James Smith, developed markets economist at ING, points out that the latest US retail sales numbers showed that the headline spending figure dipped by 0.2%, masking a fairly noticeable fall in car sales, which was more-or-less offset by greater spending at gasoline stations.

Key Quotes

“It’s worth noting that this latest decline comes after a very strong month for consumer spending in March, and more generally, we think the outlook for retail sales looks reasonably good. While wage growth has levelled off a bit since the start of the year, the tight jobs market and associated skill shortages should continue to keep the pressure on employers to lift pay faster to attract/retain talent.”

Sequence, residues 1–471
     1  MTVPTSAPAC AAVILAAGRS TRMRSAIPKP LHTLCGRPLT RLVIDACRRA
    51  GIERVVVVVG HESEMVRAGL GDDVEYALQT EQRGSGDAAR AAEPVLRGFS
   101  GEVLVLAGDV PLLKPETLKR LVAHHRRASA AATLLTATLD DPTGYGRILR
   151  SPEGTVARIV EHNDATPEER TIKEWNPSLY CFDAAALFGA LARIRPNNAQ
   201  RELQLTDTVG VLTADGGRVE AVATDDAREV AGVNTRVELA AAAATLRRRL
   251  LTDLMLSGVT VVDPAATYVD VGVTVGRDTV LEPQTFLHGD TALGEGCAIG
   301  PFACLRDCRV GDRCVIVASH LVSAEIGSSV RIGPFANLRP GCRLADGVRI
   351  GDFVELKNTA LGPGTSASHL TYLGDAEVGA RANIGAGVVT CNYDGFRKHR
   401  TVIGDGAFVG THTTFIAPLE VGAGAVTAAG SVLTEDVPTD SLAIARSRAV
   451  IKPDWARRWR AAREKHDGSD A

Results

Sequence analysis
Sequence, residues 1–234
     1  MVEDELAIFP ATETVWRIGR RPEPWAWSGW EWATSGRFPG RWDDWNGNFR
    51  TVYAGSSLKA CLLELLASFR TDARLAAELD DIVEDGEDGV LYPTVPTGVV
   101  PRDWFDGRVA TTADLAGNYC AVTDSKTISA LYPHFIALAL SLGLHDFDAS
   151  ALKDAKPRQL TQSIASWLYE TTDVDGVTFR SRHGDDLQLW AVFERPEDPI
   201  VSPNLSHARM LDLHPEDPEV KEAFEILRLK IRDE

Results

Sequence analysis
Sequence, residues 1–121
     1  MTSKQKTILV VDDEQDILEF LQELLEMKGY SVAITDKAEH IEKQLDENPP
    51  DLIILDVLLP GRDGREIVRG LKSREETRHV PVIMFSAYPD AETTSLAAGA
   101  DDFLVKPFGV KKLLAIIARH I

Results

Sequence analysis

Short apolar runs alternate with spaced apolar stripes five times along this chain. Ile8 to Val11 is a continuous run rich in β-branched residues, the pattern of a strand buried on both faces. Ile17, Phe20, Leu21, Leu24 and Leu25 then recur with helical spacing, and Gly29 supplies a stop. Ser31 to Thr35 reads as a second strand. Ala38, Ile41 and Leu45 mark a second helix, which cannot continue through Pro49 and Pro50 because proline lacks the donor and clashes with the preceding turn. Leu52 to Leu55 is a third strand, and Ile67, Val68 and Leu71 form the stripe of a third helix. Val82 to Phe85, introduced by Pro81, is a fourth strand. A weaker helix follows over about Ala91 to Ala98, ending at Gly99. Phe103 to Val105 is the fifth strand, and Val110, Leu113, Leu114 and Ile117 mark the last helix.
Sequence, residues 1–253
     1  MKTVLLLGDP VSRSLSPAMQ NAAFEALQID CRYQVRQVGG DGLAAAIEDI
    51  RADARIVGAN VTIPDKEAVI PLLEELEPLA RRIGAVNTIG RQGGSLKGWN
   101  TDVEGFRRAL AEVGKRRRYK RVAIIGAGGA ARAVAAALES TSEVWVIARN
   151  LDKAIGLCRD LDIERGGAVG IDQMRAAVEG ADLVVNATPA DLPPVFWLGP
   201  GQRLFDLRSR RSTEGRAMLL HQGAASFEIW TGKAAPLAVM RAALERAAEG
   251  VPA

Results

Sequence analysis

“There are a couple of headwinds to spending though. The sudden rise in fuel prices will hit real wages to some degree, while the lingering threat of tariffs on the remainder of Chinese imports could also weigh on spending if they come to pass.”

“We are expecting 2.5% overall growth in 2019, which when combined with our forecast for a gradual rise in core inflation, suggests that Fed rate cuts are not currently on the horizon.”

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